May 21, 2015 – The news of many Rohingyas or Bengalis stranded at sea only serves as a bitter reminder for Mr Sayed Alam, whose niece Jahidah paid a broker some USD$200 to board a boat for Malaysia.
The 17-year-old Jahidah, who used to live in Rakhine state in the southwestern part of Myanmar, left without telling anyone in her family. They did not hear from her until two weeks ago, when a broker called Mr Sayed Alam to demand US$1,400 for her release. Unfortunately, the money was never paid and the family has since lost all contact with young Jahidah.
“I am worried the brokers sold out her to dirty places such as brothels. She’s quite young,” said her uncle. “I can still remember everything about her. I can only hope to see her in future. I am so sad. I can’t find the words to explain.”
Father-of-four Sayed Alam believes his niece felt oppressed in the village and was hoping to find a new life in Malaysia. He has been calling his friends in Malaysia to help track her down, as sorrow consumes the family.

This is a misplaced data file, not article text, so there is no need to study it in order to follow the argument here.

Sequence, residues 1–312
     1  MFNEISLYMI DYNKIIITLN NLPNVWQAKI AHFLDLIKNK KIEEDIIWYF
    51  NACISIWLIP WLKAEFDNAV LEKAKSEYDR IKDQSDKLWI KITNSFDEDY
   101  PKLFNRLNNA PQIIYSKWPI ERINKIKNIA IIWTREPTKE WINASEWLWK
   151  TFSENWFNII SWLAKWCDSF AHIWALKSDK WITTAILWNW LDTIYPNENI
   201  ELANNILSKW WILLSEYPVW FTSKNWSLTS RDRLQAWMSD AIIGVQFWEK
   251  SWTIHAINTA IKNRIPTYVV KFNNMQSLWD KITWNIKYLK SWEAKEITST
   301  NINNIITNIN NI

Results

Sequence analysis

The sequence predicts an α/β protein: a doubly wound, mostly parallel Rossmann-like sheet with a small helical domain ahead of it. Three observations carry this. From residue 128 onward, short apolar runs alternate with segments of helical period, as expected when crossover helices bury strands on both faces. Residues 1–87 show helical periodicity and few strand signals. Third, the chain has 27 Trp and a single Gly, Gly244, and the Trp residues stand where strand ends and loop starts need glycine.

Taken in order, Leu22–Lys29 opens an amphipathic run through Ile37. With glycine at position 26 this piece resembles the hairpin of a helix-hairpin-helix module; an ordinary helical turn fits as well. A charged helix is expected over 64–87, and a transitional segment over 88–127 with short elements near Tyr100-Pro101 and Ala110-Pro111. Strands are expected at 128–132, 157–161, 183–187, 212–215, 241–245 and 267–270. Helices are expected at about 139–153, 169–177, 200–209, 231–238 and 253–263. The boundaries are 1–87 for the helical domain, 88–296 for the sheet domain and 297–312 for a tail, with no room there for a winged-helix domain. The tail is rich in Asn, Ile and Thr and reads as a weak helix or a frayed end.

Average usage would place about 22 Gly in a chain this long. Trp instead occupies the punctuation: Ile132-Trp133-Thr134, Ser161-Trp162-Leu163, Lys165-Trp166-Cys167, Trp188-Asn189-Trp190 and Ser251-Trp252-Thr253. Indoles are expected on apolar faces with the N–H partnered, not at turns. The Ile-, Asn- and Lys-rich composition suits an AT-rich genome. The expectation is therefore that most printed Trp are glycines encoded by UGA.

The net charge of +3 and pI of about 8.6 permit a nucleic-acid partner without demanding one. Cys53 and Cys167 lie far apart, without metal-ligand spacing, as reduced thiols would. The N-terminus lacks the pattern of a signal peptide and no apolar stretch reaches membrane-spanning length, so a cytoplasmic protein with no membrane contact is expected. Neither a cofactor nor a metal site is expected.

In Myanmar, there are around 1.2 million Rohingyas or Bengalis, most of them residing in the Rakhine state.
According to reports, more than 100,000 people have fled the country since communal violence broke out in 2012.
“This is not a new situation. This is common. Rohingyas are forced to leave since 1995 because of restrictions imposed on them. This problem will become worse and worse if our government and leaders of our country are not going to address the root causes of these issue,” said Abu Tahay, Chairman of the Union National Development Party.
“Because this is not a human trafficking issue; this is a political issue, because of restrictions imposed on them, because of denying their own citizenship, because of denying their ethnicity.”
In predominantly Buddhist Myanmar, people tend to refrain from commenting about the Rohingya Muslims. Still, they are quietly hoping their government will address this with an adequate solution.